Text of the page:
The results achieved by Victoria?s approach to road safety over the last ten years have been recognised and applauded locally, nationally and internationally. The integration of high levels of enforcement combined with high levels of public awareness via mass media campaigns has seen significant changes in road user behaviour.
Supporting the enforcement and public awareness campaigns with targeted education and road safety engineering combined with effective and transparent evaluation of all aspects of the strategy made up Victoria?s road safety program ? Safety First. But how relevant is the Safety First model in third world and developing nations?
Since 1998, Victoria has been involved in introducing the principals of Safety First into the Province of KwaZulu-Natal in the Republic of South Africa. ASIPHEPHE (Zulu for "Let us be Safe") is the KwaZulu-Natal Road Safety Project that is based on Safety First.
During the same time frame, the National Department of Transport was introducing the National road safety program ? Arrive Alive. Whilst Asiphephe was limited to KwaZulu-Natal, the interaction with Arrive Alive was dynamic and often tense.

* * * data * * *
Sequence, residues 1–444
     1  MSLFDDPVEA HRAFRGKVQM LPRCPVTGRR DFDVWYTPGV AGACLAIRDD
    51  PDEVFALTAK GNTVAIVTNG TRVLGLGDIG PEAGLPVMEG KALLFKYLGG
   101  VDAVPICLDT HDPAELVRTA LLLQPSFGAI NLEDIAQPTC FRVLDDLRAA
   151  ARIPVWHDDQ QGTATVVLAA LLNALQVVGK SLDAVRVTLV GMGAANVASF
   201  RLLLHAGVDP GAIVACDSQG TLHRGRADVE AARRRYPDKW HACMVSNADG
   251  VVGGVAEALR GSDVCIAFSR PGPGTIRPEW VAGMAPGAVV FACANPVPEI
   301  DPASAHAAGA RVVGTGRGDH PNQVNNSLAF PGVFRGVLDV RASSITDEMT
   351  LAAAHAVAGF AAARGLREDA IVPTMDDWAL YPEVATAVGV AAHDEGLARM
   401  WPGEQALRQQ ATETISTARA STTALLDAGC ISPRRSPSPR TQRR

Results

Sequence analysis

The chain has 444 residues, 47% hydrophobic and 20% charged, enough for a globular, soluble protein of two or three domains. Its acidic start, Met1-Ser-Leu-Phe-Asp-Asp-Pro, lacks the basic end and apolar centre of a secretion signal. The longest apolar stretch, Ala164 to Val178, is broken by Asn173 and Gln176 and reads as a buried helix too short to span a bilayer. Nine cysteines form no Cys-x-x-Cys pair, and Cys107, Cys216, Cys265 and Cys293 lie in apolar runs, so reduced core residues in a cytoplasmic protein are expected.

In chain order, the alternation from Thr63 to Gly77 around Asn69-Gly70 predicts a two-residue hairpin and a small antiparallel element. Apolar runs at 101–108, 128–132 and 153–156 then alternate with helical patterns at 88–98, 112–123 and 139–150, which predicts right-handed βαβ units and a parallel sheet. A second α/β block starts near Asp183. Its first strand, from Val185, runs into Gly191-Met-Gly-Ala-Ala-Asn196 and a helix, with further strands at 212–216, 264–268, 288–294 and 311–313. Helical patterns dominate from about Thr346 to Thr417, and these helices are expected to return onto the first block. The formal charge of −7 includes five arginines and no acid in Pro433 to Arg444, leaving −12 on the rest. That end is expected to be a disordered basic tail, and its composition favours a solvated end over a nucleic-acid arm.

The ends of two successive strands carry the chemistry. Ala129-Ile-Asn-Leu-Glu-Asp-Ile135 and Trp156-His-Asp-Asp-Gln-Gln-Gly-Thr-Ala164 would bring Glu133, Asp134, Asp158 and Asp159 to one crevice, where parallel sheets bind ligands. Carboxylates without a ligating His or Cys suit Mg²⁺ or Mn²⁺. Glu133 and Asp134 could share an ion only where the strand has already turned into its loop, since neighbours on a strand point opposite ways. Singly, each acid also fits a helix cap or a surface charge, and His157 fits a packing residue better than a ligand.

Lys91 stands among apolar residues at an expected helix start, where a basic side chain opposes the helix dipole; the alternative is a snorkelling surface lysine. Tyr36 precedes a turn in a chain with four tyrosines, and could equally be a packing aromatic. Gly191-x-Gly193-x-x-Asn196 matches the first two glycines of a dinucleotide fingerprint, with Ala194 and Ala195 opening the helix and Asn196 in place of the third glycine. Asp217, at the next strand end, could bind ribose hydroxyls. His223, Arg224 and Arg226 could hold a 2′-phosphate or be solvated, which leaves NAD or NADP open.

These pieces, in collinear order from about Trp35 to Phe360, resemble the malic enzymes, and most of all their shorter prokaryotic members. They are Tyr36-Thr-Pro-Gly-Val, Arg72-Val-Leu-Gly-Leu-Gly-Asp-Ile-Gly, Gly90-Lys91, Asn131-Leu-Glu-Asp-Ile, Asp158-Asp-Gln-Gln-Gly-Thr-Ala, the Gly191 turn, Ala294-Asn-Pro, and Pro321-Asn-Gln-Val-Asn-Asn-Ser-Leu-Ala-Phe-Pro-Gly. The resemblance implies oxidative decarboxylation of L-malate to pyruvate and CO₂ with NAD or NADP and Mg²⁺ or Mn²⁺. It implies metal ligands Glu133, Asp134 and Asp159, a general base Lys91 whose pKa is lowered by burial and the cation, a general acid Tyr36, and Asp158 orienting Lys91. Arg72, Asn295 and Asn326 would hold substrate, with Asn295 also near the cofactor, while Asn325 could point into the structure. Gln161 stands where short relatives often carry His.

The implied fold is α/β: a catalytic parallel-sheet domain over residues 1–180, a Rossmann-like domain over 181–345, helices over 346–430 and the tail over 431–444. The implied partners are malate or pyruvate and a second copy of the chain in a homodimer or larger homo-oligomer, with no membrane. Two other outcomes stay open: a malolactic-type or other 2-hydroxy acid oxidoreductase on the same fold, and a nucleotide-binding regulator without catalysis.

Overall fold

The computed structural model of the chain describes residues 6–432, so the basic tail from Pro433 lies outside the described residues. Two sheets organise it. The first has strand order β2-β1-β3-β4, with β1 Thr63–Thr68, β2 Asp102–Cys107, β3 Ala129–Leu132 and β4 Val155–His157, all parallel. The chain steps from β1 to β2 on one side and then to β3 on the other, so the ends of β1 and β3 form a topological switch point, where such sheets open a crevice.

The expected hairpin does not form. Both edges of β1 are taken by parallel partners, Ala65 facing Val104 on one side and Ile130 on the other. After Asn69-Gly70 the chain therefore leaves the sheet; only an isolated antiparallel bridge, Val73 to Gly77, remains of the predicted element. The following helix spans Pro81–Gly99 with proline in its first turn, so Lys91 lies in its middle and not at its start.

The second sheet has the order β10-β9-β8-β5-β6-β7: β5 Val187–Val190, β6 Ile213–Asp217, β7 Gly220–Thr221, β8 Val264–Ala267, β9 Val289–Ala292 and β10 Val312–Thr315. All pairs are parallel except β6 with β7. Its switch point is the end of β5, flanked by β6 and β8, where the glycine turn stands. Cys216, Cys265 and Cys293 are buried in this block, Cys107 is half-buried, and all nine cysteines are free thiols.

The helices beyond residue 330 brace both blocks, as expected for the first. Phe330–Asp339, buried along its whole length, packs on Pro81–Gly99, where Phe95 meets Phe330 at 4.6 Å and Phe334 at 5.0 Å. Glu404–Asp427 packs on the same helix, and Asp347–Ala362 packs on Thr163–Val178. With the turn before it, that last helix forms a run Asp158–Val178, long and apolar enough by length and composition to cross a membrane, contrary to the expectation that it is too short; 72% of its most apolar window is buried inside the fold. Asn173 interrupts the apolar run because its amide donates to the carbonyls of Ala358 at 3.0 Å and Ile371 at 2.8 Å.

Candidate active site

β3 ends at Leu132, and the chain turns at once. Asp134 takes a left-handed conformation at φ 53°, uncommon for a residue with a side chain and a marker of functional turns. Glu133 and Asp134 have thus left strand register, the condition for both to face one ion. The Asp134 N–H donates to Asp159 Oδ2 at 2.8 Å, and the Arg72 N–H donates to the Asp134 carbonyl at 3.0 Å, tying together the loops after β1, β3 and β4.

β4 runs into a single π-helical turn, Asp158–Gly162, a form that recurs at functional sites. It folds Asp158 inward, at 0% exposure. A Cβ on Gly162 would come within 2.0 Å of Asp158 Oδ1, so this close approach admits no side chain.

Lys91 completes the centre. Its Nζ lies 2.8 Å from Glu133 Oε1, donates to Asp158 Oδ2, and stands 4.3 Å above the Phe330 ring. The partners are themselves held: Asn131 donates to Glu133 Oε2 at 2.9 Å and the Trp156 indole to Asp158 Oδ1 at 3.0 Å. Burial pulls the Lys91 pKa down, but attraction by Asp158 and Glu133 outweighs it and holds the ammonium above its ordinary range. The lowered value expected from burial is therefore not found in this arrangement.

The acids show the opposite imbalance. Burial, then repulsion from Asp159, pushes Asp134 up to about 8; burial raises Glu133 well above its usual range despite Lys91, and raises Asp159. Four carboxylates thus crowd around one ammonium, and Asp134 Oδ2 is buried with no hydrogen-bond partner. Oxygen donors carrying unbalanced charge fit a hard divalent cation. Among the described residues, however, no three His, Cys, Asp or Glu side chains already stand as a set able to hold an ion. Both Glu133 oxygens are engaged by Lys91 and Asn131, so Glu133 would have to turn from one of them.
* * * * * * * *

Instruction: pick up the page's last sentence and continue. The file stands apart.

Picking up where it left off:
This paper examines the results of the introduction of Safety First, in the context of Arrive Alive, into a foreign environment with particular reference to the sustainability of the program in that environment.
This evaluation has shown limited success in the transfer of skills, knowledge and understanding of the theory and practice of the Victorian Road Safety Strategy leading to the conclusion that the Victoria Solution, as such, cannot be transposed onto foreign environments without significant review and adaptation based on local expectations and conditions.